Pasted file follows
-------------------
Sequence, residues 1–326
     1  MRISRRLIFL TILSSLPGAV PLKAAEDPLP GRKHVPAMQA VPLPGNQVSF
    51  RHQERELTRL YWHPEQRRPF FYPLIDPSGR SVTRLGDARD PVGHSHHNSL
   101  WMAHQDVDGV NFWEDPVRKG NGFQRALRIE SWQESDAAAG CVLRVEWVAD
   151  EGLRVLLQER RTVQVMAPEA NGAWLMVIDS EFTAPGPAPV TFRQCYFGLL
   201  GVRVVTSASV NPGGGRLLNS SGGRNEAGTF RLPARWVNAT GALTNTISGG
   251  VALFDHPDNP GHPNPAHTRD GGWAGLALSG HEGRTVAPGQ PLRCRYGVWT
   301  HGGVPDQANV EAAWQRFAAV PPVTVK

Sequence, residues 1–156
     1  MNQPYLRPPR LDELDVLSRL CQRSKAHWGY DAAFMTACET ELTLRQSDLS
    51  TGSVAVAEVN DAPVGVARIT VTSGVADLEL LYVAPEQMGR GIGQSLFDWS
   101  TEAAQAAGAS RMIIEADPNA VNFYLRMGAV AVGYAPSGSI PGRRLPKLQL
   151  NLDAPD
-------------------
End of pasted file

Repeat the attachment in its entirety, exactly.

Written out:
Sequence, residues 1–326
     1  MRISRRLIFL TILSSLPGAV PLKAAEDPLP GRKHVPAMQA VPLPGNQVSF
    51  RHQERELTRL YWHPEQRRPF FYPLIDPSGR SVTRLGDARD PVGHSHHNSL
   101  WMAHQDVDGV NFWEDPVRKG NGFQRALRIE SWQESDAAAG CVLRVEWVAD
   151  EGLRVLLQER RTVQVMAPEA NGAWLMVIDS EFTAPGPAPV TFRQCYFGLL
   201  GVRVVTSASV NPGGGRLLNS SGGRNEAGTF RLPARWVNAT GALTNTISGG
   251  VALFDHPDNP GHPNPAHTRD GGWAGLALSG HEGRTVAPGQ PLRCRYGVWT
   301  HGGVPDQANV EAAWQRFAAV PPVTVK

Sequence, residues 1–156
     1  MNQPYLRPPR LDELDVLSRL CQRSKAHWGY DAAFMTACET ELTLRQSDLS
    51  TGSVAVAEVN DAPVGVARIT VTSGVADLEL LYVAPEQMGR GIGQSLFDWS
   101  TEAAQAAGAS RMIIEADPNA VNFYLRMGAV AVGYAPSGSI PGRRLPKLQL
   151  NLDAPD